Amid COVID-19, country’s prosperity index plunges downward
ISLAMABAD-The third issue of Pakistan Prosperity Report (PPR) stated that amid the coronavirus pandemic, Prosperity Index has plunged downwards. Large-scale industrial manufacturing has decreased and so has the trade volume. Meanwhile the reduced demand has led to an improvement in inflationary pressure on the economy and private sector long term credit borrowing is witnessing an improvement on the back of lowered discount rate.
The report notes that during the months of March and April 2020, Pakistan witnessed a sharp deterioration in prosperity. It is due to a contraction in trade volume and large scale industrial manufacturing output whereas inflation rate has seen a noteworthy improvement. As calculated on a month-to-month basis, the month of April witnessed deflation in Consumer Price Index. The report notes increasing signs of economic contraction due to the state smart lockdown in the domestic economy.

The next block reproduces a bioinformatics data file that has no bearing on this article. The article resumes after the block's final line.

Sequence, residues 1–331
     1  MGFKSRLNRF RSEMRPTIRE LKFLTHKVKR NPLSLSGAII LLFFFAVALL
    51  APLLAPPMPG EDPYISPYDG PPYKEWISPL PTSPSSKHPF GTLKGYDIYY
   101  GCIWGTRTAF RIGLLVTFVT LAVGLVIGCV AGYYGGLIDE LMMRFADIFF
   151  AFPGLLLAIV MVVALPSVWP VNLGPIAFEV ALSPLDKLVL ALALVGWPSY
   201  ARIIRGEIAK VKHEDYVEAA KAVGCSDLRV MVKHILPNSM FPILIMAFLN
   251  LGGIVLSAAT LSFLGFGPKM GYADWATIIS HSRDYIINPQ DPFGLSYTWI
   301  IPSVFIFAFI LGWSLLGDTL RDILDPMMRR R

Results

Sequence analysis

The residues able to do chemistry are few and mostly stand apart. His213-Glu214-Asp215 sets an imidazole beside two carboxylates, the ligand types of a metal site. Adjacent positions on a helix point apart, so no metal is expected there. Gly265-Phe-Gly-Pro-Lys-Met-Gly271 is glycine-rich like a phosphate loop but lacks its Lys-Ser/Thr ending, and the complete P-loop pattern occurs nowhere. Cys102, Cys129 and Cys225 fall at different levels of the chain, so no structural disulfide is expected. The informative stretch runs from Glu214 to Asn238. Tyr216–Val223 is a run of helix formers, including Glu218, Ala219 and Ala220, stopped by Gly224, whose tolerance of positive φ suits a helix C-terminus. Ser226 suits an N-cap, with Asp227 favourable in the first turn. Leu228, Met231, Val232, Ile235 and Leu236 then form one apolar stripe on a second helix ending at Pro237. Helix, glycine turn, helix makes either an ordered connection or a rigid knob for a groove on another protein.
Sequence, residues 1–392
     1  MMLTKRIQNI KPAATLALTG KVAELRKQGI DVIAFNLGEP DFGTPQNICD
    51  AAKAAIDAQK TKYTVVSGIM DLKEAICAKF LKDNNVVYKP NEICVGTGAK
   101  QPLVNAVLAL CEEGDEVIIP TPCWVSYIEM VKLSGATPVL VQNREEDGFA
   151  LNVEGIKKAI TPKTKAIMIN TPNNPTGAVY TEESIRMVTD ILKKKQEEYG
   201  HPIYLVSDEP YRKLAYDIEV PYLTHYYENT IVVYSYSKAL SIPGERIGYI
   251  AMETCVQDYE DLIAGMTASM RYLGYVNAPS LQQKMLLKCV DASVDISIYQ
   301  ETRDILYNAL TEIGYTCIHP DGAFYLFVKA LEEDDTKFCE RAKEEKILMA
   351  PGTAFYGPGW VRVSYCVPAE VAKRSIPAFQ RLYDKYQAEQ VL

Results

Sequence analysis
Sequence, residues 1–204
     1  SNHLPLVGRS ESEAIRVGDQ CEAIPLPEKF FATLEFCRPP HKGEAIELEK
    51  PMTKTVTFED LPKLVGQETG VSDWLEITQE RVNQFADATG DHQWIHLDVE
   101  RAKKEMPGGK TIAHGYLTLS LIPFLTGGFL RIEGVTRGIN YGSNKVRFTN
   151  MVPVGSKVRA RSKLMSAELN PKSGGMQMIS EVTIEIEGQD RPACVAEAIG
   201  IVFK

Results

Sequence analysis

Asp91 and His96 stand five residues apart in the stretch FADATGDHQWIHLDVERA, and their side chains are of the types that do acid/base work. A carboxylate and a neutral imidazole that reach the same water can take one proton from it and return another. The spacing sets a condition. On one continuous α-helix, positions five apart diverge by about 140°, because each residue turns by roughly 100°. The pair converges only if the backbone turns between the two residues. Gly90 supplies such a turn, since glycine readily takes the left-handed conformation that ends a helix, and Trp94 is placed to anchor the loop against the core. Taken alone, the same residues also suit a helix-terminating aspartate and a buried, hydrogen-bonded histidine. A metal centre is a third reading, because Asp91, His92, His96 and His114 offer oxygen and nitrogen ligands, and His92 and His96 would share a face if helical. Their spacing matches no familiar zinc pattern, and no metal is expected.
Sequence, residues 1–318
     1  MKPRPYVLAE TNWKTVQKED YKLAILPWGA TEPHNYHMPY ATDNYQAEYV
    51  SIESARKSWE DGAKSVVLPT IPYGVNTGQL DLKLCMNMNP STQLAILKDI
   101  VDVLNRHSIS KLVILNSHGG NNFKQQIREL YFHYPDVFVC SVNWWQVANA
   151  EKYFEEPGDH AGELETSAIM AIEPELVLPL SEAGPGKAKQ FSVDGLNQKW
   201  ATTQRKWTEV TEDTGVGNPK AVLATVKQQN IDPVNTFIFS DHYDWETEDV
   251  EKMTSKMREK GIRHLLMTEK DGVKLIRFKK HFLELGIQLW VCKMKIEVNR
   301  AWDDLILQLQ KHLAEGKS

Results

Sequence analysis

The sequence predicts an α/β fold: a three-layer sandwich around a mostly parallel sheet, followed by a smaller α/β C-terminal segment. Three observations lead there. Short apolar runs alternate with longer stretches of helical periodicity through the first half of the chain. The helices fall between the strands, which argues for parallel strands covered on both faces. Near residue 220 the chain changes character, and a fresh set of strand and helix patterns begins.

Policy Research Institute of Market Economy (PRIME) launches its third edition of PPR, for the very reason to provide a monthly review of Pakistan’s macro-economy based on the analysis of four variables: Industrial production, trade volume, price levels, and private sector lending. In April, the trade volume decreased by 15.8 per cent as compared to March however the monthly trade deficit grew by 55 per cent. Imports saw an increase whereas exports went down. Manufacturing facilities were ordered close by the government and road, rail and air transportation services were also suspended.
Moving on, while the businesses are starting to resume their manufacturing operations, government-imposed SOPs are proving to be a bit difficult to enforce in true letter and spirit. While the supply-side constraints are gradually resolving, demand-side constraints are leading to organizations scaling down on their manpower, the effects of which shall come to the fore in upcoming issues of this report. On the positive side, a reduction in the policy rate to 8.5 per cent has resulted in increased demand for long term credit from the private sector.